Treating Menstrual Pain With Diet

Dysmenorrhea is the medical term for painful, crampy periods. It affects almost half of menstruating women. Yet despite the substantial effect on quality of life and general well-being, few women seek treatment, thinking it won’t help. Treatments are available, though–modern medicine to the rescue! There are surgical options such as neuroablation, where surgeons go in and attempt to cut or destroy the nerves leading to the uterus, or doctors can just take out the uterus completely. There are of course a bunch of hormones in pills and shots that can suppress the menstrual cycle as well.


Since the pain is caused by inflammation, anti-inflammatory drugs like ibuprofen are the most commonly used, achieving symptomatic pain relief in about two thirds of women. While effective, women using them need to be aware of the significant risk that they may cause adverse side effects. Though there are a bunch of non-drug, non-surgical treatments like acupuncture, the evidence for the effectiveness of these treatments is generally weak.


One of the latest advances in treatment involves the use of a single high dose of vitamin D. In a randomized, double-blind, placebo-controlled study the placebo did nothing–in fact, most women got worse. But the women who got the vitamin D all felt better. For more on vitamin D, see my series justifying my vitamin D recommendations, starting with Vitamin D Recommendations Changed and ending with Resolving the Vitamin D-Bate.



But wait a second. If it’s pain caused by inflammation, how about putting women on an anti-inflammatory diet? Thirty-three women suffering from painful periods were placed on a vegan diet for two cycles and experienced significant reductions in menstrual pain duration from 4 days down to 3 days and a significant reduction in pain intensity. Women also experienced improvement of PMS symptoms such as bloating.


This was a crossover study, so after two months eating vegan the women were supposed to go back to their regular diets to see if the pain would return. But the women felt so much better that when the researchers asked them to go back to their regular diet to test before and after, several women refused, even though they were required to by the study.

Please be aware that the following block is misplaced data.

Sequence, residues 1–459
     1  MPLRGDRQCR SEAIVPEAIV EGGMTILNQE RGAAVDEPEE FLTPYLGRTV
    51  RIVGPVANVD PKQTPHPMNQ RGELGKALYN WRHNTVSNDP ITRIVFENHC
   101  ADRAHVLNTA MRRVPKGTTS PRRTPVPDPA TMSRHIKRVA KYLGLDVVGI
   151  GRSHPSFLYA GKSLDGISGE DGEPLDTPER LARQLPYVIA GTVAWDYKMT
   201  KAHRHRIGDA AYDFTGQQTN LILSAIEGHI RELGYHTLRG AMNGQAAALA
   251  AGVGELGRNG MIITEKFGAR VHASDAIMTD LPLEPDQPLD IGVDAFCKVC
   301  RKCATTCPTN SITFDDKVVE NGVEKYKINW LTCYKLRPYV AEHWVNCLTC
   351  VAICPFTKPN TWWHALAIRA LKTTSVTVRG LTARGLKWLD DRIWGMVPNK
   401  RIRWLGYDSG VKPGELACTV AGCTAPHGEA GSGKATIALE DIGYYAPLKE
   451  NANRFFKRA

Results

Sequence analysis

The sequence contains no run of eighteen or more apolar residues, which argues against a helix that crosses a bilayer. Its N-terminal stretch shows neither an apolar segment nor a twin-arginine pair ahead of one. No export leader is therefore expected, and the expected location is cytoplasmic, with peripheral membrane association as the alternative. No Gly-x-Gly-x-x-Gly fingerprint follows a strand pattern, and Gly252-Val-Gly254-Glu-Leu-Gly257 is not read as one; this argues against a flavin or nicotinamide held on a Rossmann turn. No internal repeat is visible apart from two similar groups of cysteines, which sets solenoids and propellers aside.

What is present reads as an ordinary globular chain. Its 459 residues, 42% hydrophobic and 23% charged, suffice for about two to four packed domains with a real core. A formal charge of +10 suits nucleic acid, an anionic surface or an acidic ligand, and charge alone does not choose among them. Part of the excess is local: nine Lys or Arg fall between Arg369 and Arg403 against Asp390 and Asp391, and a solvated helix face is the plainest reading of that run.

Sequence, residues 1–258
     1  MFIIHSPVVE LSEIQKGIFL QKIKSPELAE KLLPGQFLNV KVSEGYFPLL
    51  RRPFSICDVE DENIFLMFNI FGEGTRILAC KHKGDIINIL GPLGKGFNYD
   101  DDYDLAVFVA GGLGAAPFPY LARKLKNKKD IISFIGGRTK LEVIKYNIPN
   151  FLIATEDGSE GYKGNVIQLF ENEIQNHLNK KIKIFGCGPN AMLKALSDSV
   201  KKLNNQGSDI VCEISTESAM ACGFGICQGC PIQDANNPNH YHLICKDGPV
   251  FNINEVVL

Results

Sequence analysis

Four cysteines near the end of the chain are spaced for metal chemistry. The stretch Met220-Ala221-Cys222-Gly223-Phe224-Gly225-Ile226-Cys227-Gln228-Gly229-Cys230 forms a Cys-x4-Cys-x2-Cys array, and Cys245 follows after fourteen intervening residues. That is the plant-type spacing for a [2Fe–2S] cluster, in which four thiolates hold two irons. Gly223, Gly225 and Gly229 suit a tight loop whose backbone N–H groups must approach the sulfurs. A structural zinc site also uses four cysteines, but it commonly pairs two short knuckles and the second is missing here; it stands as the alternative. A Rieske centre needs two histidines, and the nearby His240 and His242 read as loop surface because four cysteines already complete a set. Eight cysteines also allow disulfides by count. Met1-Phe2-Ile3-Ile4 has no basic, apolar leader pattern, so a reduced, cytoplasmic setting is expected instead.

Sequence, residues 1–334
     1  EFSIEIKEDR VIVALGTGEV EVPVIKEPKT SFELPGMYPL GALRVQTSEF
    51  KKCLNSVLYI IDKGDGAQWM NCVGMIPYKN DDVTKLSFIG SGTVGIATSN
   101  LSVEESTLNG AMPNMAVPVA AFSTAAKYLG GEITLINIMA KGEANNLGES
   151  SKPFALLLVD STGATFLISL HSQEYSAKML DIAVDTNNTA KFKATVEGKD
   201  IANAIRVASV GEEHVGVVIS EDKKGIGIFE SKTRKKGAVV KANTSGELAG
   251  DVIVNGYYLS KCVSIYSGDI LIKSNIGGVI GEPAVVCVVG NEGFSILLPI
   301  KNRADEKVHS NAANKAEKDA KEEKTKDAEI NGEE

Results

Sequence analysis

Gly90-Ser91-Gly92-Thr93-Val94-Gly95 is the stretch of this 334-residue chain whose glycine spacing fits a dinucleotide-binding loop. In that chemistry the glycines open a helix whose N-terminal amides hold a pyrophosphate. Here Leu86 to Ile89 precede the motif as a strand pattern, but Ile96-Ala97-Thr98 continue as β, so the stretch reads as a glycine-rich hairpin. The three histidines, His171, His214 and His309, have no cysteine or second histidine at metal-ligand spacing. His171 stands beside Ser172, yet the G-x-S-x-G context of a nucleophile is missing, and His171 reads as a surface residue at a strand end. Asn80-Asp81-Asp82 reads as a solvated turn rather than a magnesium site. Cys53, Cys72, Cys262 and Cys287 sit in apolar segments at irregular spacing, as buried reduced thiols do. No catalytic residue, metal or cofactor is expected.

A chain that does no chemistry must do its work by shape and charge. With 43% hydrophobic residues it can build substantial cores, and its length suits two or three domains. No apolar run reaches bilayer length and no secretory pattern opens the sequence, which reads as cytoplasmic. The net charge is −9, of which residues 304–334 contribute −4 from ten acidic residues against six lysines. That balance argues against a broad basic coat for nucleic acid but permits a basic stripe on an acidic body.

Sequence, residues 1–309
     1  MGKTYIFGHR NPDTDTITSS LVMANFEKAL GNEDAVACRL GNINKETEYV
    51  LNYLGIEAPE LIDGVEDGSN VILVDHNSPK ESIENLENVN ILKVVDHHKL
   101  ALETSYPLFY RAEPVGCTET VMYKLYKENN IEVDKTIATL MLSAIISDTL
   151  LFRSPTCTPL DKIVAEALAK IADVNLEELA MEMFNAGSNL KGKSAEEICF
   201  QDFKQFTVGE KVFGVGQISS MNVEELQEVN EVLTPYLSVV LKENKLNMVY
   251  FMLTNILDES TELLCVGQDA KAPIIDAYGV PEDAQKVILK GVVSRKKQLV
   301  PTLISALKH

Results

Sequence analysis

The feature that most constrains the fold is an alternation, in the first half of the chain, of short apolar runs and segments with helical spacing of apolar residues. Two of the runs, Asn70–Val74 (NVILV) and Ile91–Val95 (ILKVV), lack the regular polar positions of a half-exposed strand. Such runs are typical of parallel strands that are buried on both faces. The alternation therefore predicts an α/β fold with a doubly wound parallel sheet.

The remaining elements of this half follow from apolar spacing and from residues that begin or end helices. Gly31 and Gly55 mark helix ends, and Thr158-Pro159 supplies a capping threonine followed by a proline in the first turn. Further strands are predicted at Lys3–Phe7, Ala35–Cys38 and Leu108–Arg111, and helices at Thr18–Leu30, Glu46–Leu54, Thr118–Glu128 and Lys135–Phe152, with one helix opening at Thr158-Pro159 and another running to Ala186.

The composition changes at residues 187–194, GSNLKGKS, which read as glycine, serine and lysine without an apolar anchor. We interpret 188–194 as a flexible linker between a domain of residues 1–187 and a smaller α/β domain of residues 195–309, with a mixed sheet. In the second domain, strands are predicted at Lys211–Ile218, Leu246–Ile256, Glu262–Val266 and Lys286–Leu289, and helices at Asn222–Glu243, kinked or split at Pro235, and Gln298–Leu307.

Doctors too often patronizingly think that patients simply won’t adhere to therapeutic diets, but when they surveyed these women during the study, they found that the women were having fewer cramps and were losing weight. They also reported increased energy, better digestion, and better sleep. This showed that you don’t have to be in some Ornish or Esselstyn study facing certain death after a heart attack to stick to a plant-based diet. It’s well accepted even when testing more benign conditions. (For those unfamiliar with the work of Drs. Ornish and Esselstyn, see, for example, my video Our Number One Killer Can Be Stopped or my blog post Heart Disease: There Is A Cure.)


I’ve touched on this body of work briefly in Plant-Based Diets for Breast Pain. Plants that may be especially helpful include flax seeds (Flax Seeds for Breast Pain) and the spice saffron (Saffron for the Treatment of PMS and Wake Up and Smell the Saffron).


In health,
Michael Greger, M.D.

PS: If you haven’t yet, you can subscribe to my free videos here and watch my live year-in-review presentations Uprooting the Leading Causes of Death and More Than an Apple a Day.

Vitamin D from Mushrooms, Sun, or Supplements?
Preventing Bacterial Vaginosis with Diet
Why Might Vegetarians Have Less HPV?


Martha P
Mia Pabout a month ago


Martha P
Mia Pabout a month ago


Donna Ferguson
Donna F5 years ago


Jeanne Rogers
Jeanne R5 years ago

Thank you!

Jess No Fwd Plz K.
Jessica K5 years ago

Nice to be armed with info to be proactive, and if the patients only partially change their diets something's better than nothing. Thanks.

Kate S.
Kate S5 years ago


Elena T.
Elena Poensgen5 years ago

Thank you :)

Patricia H.
Patricia H.5 years ago

thanks for sharing

Ana R.
ANA MARIJA R5 years ago

A long time ago (when I was 17) it was the best for me...Sadly I don't understand why that's so difficult for women to understand.

Basak Uytun
Basak Uytun5 years ago

Well I drink Yarrow tea. It's quite common where I live. You add 3 teaspoon of dried yarrow to boiling water and let it simmer for 3 minutes. Then you drain it when it's cold and drink each day and night 3 days prior to period. It really works. Give it a try.